Over the past decade, there was an increased understanding of the physiopathology of ROP, thus, patients started to be better grouped in order to determine the most appropriate treatment for each case. However, the data currently available in the literature are not sufficiently uniform to ensure the development of strong evidence. From this analysis, we understand that it is fundamental to have an organized presentation and discussion about the disease, its differential diagnoses, and therapeutic modalities to contribute to the clinical practice, particularly of neurosurgeons, orthopedists, and rheumatologists.

METHODS

A descriptive study of the literature available in the Medline/PubMed, Lilacs, and Scopus databases. The search was carried out using the terms “retro-odontoid pseudotumor”, “retro-odontoid mass”, and “cervical Pannus ”. Other variants and expressions found in articles from the search were included in order to sensitize the method. Works that were duplicated and whose content was not within the context studied were excluded. The search was carried out in April 2019.

DISCUSSION

One of the first descriptions using the therm “pseudotumor” in order to refer to a mass in the craniocervical junction was made by Sze et al.5 in 1986. This author reported the cases of three patients with expansive lesions of atypical presentation in that area.

However, the lesions involving this segment of cervical spine are classicaly described as pannus , in patients with rheumatoid arthritis. By definition, pannus is an inflammatory tissue that causes erosion of the subchondral bone and cartilage in the synovial joints. However, similar lesions in individuals without systemic inflammatory diseases has led to the discovery of a pathological entity characterized by the presence of a non-inflammatory mass composed predominantly of fibrocartilaginous tissue. Joint cysts of degenerative nature are described between pseudotumoral lesions in this region6 .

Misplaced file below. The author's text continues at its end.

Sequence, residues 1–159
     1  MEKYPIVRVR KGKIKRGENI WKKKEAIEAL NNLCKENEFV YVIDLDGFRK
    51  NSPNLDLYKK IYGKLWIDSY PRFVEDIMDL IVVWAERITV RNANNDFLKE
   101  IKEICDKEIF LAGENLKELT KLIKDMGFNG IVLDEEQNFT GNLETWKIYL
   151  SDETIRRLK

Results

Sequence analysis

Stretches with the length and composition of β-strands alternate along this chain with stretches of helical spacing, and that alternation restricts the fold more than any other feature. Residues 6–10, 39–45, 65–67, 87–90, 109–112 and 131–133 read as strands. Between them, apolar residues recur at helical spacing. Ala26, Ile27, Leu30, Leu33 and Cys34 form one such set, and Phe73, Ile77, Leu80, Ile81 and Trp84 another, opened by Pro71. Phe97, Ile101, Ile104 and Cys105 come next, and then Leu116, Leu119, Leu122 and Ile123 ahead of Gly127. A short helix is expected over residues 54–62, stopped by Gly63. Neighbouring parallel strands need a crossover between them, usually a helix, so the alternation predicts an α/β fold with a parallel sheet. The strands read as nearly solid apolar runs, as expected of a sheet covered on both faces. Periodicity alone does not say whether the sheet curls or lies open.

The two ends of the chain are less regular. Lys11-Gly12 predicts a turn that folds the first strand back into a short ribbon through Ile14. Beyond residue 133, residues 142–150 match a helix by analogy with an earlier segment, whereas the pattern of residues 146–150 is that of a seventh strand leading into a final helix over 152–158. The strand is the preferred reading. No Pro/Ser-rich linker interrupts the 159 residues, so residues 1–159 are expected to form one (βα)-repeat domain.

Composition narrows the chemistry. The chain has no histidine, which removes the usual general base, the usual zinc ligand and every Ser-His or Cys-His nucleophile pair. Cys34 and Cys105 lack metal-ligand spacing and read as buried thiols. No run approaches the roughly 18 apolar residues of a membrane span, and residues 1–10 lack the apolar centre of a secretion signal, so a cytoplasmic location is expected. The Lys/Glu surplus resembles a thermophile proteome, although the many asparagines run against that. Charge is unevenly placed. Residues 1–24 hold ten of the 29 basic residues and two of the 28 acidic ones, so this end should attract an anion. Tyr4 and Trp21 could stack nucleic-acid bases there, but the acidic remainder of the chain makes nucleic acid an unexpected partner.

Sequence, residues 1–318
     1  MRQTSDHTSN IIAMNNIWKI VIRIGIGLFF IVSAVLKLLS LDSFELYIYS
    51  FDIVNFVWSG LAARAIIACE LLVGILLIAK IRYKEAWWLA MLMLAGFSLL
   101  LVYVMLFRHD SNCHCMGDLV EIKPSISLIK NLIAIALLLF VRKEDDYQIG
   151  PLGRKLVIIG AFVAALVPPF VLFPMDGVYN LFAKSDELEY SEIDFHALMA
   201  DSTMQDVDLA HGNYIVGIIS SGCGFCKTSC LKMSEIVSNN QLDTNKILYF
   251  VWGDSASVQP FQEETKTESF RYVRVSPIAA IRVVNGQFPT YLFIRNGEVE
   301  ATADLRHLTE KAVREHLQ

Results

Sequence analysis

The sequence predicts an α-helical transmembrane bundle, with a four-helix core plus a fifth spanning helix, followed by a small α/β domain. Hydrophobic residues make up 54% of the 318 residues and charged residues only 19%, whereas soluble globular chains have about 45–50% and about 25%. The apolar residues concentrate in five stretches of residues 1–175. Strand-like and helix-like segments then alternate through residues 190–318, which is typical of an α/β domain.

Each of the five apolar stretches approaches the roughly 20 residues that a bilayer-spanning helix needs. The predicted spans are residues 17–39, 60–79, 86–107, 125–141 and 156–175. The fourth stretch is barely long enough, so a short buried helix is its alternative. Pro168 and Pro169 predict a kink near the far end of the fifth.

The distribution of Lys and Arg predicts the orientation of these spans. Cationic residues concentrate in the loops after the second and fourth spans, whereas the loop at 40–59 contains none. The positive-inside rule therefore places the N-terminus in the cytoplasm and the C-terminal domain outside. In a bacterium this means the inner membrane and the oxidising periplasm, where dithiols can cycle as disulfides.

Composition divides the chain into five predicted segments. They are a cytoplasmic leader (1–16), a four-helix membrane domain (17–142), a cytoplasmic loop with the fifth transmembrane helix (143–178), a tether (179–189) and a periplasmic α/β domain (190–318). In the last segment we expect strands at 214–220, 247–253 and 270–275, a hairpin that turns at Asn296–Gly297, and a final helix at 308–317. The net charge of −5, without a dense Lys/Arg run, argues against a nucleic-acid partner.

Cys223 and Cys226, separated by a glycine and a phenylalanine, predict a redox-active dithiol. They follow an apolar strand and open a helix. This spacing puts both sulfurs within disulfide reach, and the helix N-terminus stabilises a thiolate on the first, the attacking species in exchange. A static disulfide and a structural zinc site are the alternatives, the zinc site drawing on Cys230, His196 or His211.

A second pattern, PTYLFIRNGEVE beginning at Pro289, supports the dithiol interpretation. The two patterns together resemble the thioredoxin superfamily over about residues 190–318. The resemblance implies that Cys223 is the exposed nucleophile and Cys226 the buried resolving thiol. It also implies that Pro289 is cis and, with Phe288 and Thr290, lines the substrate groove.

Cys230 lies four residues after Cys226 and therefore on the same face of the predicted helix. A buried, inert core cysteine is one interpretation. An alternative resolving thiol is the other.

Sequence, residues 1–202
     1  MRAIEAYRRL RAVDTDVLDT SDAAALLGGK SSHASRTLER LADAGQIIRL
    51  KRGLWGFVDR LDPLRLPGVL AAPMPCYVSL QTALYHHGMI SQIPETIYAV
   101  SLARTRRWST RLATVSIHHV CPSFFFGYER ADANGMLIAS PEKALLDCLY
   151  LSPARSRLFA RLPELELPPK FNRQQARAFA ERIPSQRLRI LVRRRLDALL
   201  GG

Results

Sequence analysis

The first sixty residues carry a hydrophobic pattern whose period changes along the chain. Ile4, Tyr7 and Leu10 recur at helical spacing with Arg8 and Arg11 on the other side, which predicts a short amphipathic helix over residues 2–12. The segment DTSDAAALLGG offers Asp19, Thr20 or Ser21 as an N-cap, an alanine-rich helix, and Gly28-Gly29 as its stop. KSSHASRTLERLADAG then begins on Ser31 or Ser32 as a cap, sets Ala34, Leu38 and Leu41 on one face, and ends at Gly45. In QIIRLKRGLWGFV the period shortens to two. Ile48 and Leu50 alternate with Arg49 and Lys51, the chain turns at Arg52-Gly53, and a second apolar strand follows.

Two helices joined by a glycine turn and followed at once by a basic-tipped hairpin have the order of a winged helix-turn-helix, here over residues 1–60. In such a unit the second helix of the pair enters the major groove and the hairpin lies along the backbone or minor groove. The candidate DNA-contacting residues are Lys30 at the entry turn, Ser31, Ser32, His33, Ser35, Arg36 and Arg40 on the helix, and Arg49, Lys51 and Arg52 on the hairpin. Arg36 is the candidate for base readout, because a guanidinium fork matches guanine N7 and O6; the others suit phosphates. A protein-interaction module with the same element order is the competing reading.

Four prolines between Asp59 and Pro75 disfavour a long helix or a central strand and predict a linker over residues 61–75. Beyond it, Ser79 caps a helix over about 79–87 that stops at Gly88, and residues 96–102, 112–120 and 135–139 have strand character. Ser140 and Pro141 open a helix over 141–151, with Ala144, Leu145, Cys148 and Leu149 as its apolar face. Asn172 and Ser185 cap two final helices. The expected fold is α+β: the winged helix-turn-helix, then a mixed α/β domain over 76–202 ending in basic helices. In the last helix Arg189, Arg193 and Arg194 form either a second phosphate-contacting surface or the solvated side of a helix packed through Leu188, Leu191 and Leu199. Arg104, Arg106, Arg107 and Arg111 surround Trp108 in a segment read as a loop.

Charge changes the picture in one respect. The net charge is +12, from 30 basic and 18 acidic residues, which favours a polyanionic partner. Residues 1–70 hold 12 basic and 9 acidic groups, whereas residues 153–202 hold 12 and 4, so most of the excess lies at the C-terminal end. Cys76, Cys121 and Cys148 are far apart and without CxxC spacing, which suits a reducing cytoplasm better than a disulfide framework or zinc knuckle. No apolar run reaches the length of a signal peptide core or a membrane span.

Most studies found in the literature consists of case reports or case series. Thus, it is not possible to properly determine the prevalence and incidence of ROP in the population.

It is known, however, that patients with rheumatoid arthritis comprise the subgroup of higher risk for the disease. They may have their cervical spine affected as a consequence of the disease activity in more than 40% of the cases, and anterior atlantoaxial subluxation is the most common form of involvement7 . On the other hand, most of these patients do not develop ROP8 . Thus, the disease is unusual1 , especially if not associated with atlantoaxial instability9 .

In addition to inflammatory rheumatopathies, other conditions that may be related include long-term hemodialysis, mucoid degeneration of the transverse ligament of the atlas10 , trauma, os odontoideum 11 , deposition of crystals, and disc herniation12 .

There is no clear physiopathological mechanism for ROP. In rheumatoid arthritis, the formation of the pannus is usually attributed to the release of proteases, which destroys the extracellular matrix of the cartilage, and the proliferation of fibroblast-like cells. It is possible that the genesis of tissue deposition in the retro-odontoid space in ROP - especially in the topography of the cruciate ligament band13 - holds some similarity to these phenomena.

Classically, the element that triggers the process is chronic instability in the atlantoaxial joint. Goel9 suggests that the origin of the lesion is related to an instability that begins in the facets and that involves excessive arching of the posterior longitudinal ligament (which predisposes its detachment), with a consequent periosteal reaction and formation of osteophytes.

On the other hand, cases of ROP without demonstrated atlantoaxial instability have been described3 . A prospective study with 201 rheumatoid arthritis patients found an inverse relationship between the size of the mass and the atlantodental interval (which expresses the integrity of the transverse ligament and, therefore, the stability of the joint)8 .